Bhaskar, Levin and Firch [5] first reported this pathologic entity on the gingival tissue and only very few case reports have been documented since then. Avecdo and Buchler, [6] Mark and Steven, [1] Karthikeyan and Pradeep [7] and Baltaciaglu et al. [8] have reported this lesion on the gingiva. These cases reported a similar gingival growth with histological and clinical appearance of a well-circumscribed, asymptomatic reactive lesion treated by excisional biopsy, as in the present case.

Kim et al. [9] reported gingival plasma cell granuloma in patients with cyclosporine-induced gingival overgrowth. They suggested that interleukin-6 (IL-6) and phospholipase C-γ1 may induce heavy plasma cell infiltration in cyclosporine-induced gingival overgrowth.

Plasma cell granulomas are benign inflammatory lesions to which biopsy and histopathologic/immunologic studies must be performed to rule out potential plasma cell dyscrasias and neoplasms, including multiple myeloma. It is important to differentiate plasma cell granulomas from extramedullary plasmacytoma and multiple myeloma, considering the poor prognosis of this neoplasm. Extramedullary plasmacytoma are singular lesions like the plasma cell granulomas and may be malignant or a precursor to malignancy. On histopathologic examination, plasmacytoma is composed of a pure culture of plasma cells arranged in relatively broad sheets on a delicate reticular stroma, whereas the plasma cell granuloma consists primarily of a capillary network. The plasmacytomas replace the tissue whereas in the plasma cell granulomas, plasma cell infiltrate on is by its deposition through the tissues. The inflammatory cells are very scarce, with absence of Russell bodies in the plasmacytoma in contrast to the plasma cell granulomas. [11]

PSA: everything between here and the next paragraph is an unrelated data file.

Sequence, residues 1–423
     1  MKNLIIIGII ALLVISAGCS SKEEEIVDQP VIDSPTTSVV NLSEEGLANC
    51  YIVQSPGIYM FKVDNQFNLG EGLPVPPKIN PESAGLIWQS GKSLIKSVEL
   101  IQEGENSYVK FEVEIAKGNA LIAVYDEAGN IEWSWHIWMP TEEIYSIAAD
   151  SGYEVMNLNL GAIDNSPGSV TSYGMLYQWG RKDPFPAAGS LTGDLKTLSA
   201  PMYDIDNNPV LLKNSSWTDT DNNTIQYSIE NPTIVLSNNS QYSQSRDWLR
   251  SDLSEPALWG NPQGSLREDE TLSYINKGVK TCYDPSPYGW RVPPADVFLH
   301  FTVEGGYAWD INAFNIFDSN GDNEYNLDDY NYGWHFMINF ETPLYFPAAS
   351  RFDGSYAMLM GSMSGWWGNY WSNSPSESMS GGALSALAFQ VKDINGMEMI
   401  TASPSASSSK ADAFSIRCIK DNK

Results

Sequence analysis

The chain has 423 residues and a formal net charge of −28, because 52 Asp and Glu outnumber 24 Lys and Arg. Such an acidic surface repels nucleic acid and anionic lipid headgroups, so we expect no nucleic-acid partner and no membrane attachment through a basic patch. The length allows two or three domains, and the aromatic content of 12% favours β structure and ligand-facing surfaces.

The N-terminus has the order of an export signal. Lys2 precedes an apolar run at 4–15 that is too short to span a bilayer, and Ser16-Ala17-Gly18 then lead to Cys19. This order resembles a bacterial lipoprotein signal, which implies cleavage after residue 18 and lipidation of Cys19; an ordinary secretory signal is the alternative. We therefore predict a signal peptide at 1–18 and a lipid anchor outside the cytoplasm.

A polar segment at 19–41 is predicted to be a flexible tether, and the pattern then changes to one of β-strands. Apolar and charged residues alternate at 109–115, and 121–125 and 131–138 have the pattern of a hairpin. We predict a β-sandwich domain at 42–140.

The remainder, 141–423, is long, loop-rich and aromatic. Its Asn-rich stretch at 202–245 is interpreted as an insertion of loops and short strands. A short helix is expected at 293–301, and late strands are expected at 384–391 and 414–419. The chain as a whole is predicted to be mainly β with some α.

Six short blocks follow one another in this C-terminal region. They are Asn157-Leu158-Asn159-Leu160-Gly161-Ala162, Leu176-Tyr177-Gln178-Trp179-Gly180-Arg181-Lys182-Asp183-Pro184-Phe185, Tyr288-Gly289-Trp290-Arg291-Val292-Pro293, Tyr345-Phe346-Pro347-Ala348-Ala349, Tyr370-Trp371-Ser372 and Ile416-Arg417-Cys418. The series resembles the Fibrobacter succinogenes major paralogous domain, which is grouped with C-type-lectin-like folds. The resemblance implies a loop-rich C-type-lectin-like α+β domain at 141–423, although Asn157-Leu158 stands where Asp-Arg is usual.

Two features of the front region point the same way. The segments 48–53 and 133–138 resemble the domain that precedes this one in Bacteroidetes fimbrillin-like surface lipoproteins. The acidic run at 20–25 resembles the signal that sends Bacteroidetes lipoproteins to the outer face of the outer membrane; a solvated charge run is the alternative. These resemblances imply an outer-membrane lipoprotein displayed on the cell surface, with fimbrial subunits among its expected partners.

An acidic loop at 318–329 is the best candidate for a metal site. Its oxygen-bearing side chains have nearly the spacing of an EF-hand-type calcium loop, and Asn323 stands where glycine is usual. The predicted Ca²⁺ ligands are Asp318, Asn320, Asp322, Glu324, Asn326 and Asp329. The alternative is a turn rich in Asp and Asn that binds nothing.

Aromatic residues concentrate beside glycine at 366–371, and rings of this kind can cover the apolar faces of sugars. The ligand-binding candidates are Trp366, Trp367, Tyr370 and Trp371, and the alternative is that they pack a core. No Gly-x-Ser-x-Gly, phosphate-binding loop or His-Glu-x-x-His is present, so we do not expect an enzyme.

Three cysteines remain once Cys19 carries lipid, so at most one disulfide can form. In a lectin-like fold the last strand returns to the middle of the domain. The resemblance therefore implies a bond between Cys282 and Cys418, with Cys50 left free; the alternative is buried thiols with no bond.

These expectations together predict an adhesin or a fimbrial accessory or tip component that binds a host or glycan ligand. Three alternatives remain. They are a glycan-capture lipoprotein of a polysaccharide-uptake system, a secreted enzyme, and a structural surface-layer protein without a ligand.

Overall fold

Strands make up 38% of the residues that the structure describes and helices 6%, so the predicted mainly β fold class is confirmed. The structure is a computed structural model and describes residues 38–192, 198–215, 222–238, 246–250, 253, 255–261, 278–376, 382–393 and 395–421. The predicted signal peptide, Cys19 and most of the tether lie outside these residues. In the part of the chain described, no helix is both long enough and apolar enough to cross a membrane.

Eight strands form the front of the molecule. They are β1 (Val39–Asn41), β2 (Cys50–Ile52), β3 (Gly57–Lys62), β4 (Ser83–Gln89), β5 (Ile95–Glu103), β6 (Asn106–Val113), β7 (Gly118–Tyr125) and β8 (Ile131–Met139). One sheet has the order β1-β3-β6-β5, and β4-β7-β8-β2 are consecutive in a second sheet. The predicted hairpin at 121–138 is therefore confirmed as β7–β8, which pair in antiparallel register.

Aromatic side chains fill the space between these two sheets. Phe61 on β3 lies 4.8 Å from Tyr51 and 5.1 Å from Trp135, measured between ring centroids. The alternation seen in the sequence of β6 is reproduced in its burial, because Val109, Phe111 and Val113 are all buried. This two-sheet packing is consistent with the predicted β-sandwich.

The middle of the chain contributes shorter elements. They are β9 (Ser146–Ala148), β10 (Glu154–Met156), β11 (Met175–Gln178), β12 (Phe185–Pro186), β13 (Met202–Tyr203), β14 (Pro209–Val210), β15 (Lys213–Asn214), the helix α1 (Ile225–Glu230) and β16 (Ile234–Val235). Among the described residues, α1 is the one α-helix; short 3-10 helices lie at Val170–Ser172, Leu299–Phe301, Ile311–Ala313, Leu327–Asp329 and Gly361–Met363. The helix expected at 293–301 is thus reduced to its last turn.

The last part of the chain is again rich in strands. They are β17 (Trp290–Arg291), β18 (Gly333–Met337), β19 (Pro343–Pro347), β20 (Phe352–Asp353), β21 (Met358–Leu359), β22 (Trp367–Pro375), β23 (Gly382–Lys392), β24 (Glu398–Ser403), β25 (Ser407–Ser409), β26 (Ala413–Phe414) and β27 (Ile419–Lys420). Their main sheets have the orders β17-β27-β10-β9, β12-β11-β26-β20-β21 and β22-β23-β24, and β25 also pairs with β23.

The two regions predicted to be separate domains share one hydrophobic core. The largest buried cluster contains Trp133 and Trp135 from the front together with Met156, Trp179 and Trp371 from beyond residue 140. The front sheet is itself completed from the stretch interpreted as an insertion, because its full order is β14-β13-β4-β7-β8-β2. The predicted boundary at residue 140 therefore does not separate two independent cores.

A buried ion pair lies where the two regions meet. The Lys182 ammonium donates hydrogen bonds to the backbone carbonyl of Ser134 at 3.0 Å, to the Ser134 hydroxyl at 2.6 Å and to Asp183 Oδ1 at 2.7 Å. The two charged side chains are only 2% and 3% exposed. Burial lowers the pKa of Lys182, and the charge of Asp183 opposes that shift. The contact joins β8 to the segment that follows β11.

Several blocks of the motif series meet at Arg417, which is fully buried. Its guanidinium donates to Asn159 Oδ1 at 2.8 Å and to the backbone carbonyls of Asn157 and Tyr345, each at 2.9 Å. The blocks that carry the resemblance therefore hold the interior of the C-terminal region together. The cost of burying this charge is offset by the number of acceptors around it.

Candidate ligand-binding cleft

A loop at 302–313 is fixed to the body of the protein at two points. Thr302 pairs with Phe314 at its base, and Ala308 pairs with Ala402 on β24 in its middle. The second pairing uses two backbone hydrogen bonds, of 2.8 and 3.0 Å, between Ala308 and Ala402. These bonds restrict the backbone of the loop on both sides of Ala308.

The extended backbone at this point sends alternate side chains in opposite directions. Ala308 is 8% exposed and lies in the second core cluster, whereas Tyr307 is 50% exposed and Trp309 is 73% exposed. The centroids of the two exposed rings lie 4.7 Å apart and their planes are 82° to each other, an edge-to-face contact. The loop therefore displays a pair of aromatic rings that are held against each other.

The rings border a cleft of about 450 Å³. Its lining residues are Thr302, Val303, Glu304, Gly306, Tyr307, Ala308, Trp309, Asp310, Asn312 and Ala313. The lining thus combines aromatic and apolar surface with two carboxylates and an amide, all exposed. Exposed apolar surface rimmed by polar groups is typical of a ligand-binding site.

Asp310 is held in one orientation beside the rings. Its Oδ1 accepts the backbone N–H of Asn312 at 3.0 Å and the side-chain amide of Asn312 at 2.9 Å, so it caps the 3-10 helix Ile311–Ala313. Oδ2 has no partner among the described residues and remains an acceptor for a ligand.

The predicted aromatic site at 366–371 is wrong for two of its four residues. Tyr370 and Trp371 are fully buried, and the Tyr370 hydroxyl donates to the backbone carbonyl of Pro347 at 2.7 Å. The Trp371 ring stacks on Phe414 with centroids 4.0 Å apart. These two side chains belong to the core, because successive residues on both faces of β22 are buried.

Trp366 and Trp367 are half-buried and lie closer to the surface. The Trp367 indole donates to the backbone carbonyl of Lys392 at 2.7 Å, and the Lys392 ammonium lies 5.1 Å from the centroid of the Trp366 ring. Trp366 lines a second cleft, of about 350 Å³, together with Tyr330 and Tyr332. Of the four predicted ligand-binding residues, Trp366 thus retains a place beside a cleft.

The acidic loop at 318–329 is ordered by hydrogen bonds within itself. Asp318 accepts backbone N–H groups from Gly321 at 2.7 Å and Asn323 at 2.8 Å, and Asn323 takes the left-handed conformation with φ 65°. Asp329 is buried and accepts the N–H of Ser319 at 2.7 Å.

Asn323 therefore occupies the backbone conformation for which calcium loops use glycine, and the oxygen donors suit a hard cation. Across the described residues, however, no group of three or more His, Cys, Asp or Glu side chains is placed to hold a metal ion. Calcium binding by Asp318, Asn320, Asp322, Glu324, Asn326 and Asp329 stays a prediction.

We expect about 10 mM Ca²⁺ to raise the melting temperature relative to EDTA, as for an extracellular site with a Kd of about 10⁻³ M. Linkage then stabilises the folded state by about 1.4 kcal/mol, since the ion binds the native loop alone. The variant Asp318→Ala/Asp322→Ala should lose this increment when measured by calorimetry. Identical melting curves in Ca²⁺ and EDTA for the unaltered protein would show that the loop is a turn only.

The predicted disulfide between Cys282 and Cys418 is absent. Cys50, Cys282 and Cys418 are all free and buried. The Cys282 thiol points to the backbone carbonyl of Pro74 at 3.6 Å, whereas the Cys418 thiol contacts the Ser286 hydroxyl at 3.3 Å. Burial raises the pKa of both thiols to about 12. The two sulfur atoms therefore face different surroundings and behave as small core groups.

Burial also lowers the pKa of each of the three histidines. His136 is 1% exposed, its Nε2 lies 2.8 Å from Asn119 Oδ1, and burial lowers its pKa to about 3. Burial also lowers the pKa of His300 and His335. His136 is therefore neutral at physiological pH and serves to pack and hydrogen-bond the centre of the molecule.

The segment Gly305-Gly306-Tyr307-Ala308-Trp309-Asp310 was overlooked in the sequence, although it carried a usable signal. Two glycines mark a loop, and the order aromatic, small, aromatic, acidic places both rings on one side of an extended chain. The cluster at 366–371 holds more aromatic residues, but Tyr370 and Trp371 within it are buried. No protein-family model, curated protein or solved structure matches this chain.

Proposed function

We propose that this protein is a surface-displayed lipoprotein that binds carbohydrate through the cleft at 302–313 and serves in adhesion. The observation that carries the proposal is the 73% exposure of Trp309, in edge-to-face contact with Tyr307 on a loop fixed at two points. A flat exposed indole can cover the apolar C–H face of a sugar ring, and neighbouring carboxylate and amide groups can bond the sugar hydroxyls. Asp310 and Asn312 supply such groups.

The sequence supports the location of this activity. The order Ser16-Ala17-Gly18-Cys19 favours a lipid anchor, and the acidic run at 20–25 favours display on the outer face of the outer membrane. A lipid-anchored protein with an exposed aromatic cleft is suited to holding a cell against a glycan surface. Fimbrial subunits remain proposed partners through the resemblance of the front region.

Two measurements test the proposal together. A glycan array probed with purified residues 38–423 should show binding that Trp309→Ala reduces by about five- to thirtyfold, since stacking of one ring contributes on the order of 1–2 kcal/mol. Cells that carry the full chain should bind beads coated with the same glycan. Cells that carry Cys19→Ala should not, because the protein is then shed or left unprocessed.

Multiple myeloma is a relatively uncommon malignancy of plasma cell origin that appears to have a multicentric origin within the bone. The patients show signs of anemia, hypocalcaemia or renal failure. Histopathologic examination shows diffuse sheets of neoplastic, variably differentiated, plasmacytoid cells that invade and replace the normal tissue. Mitotic activity may be seen with some frequency. Amyloid deposition may be present. [11]

The treatment modality and follow-up of the soft tissue lesions varies. Plasma cell granulomas are usually treated by simple excision and removal of underlying inciting agent whereas neoplasms may require surgical excision, followed by chemotherapy and/or radiotherapy.

The pathogenesis of this lesion remains uncertain. It has been postulated that the presence of a large number of plasma cells may represent an altered antigen-antibody reaction of the host or an alteration of blood flow imposing congestive vasodilation. A parasitic etiology has also been suggested for this type of lesion. [2]